How to be a Commercial Artist
This post could actually be considered a continuation of that from last week in which I emphatically declared my disgust of the starving artist stereotype. I’m a Hamiltonian so as usual, I’m making reference to Hamilton artists and the “Hamilton arts community” BUT; again as usual, I believe that artists in virtually any city, region or nation can relate to the points of this blog entry.
This week I attended the 2012 Annual General Meeting of the Hamilton Arts Council, of which I am currently a third year member. This time, I brought my wife along, and we thoroughly enjoyed the two-part indie-folk harmonies of Dawn and Marra, the Spoken Word and choreographed performance of the Defining Movement Dance group and the voice of Terra Lightfoot.
As with the previous year, I was deeply engrossed in the panel discussion and boy-o-boy did this part of the AGM ever make an impression on my wife. This is the part of the meeting where you get a real sense if the art community or even the HAC is on the right track in promoting the arts, and what tactics and strategies should be considered to improve things over the next year or so.
The topic of the evening was “What will the arts bring to economic development?” The underlying conjecture of the topic was what assistance or benefits, namely funding, can local artists expect from Hamilton City Council and its arts events and culture subcommittees? Whoa boy! The panelists were Jennifer Kaye—City of Hamilton Manger of Tourism and Culture, Loren Lieberman—General Manager of the 36-year old Festival of Friends and Lorna Zaremba—General Manager of the hugely successful Theatre Aquarius.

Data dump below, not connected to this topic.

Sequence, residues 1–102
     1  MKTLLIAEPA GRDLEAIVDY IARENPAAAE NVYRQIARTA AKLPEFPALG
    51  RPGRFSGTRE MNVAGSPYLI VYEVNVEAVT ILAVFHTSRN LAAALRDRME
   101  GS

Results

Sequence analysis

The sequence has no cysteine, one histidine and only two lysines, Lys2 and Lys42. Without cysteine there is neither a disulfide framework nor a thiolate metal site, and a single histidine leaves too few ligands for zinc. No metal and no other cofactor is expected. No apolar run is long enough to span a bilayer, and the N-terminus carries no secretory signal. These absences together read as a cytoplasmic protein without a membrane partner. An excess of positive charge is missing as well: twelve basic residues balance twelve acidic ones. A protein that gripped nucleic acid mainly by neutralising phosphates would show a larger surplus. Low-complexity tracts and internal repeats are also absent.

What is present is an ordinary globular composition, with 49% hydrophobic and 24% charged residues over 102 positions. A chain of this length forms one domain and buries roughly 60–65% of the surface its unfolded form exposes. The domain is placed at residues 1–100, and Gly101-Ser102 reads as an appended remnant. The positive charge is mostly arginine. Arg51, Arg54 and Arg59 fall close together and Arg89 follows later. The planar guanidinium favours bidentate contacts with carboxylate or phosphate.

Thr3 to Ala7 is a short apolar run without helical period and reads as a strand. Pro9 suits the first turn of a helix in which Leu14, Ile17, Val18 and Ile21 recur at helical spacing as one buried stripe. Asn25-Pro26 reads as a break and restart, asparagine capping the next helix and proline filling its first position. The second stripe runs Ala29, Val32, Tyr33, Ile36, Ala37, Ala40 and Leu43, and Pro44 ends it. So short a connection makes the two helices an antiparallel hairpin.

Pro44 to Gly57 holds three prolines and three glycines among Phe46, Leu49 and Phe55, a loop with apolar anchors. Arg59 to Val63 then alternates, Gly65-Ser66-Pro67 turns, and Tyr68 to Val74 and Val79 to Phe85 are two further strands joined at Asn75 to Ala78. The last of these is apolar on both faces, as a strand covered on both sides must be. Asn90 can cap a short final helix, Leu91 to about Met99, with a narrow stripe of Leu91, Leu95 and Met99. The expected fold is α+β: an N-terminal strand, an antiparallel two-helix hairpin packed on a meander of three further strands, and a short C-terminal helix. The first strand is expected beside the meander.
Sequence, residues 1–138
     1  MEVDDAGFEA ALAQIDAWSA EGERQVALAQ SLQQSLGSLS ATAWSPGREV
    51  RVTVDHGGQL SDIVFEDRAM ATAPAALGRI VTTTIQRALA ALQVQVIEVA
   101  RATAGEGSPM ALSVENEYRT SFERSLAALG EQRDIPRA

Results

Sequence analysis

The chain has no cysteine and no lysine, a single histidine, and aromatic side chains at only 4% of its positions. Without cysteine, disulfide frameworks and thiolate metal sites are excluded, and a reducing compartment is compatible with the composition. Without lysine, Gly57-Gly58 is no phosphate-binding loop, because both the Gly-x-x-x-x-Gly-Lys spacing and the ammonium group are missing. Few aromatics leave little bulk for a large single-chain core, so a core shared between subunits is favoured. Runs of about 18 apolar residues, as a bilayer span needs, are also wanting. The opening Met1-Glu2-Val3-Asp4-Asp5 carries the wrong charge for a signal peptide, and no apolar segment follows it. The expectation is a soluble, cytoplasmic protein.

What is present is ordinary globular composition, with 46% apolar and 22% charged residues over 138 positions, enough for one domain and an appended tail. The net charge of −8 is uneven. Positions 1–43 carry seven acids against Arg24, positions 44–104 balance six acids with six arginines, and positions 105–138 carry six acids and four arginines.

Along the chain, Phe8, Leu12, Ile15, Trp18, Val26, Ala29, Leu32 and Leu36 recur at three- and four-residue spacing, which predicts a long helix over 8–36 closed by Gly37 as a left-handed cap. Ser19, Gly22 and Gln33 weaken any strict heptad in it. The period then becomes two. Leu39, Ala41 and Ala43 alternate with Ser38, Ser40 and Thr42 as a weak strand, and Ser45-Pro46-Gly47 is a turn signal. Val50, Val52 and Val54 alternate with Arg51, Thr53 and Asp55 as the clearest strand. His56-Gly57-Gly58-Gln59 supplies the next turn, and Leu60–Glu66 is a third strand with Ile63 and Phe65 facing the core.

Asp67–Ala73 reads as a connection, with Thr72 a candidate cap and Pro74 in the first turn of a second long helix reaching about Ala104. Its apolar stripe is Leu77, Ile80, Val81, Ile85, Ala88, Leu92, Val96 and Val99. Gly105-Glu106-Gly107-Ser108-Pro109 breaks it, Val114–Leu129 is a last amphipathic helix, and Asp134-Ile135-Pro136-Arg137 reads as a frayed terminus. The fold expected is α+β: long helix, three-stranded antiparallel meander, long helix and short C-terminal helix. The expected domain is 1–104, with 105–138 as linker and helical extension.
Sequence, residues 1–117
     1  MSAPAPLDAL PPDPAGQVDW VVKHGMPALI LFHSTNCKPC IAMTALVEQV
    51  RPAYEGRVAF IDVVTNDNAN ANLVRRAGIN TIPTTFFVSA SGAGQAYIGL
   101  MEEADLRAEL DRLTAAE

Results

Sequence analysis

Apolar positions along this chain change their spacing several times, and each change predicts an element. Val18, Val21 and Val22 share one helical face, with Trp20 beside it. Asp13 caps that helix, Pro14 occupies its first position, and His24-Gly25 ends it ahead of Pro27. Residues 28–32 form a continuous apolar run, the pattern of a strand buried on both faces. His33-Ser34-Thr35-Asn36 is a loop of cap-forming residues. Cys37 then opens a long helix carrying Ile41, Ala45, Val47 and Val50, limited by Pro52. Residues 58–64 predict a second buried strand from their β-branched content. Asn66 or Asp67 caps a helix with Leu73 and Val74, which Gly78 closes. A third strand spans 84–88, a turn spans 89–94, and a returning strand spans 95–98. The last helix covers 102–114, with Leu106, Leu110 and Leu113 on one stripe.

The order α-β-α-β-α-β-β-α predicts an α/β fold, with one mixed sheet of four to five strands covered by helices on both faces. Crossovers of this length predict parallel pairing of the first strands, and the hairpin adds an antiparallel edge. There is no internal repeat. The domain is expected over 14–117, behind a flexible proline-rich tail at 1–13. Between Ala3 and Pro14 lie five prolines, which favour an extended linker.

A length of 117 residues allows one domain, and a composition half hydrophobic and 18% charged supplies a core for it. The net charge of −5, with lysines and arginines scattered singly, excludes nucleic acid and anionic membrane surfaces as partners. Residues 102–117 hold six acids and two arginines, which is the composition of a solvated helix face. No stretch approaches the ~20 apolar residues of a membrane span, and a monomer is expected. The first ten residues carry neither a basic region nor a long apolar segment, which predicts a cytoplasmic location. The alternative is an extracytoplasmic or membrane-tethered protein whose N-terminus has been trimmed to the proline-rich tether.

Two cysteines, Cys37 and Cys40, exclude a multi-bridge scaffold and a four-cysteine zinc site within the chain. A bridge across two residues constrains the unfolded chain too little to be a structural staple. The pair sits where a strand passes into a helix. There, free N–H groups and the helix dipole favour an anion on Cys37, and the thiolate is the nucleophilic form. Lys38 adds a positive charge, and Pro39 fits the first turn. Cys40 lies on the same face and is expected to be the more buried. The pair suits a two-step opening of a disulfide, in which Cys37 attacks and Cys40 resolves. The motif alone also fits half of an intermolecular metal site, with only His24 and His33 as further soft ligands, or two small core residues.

Right off the hop, Lorna indicated that to attract visitors or new citizens to Hamilton they need to know that there is “great culture” in the city, along with affordable housing, adequate employment, public services, social services, infrastructure and etcetera. Of course, who wants to stay or try to do anything in a city or village that they consider to be boring? So yes, social science dictates that even in a sport driven town like Hamilton the arts are essential to nurturing the most favoured aspects of community culture, and creating more admirable and diverse culture. You can’t argue that.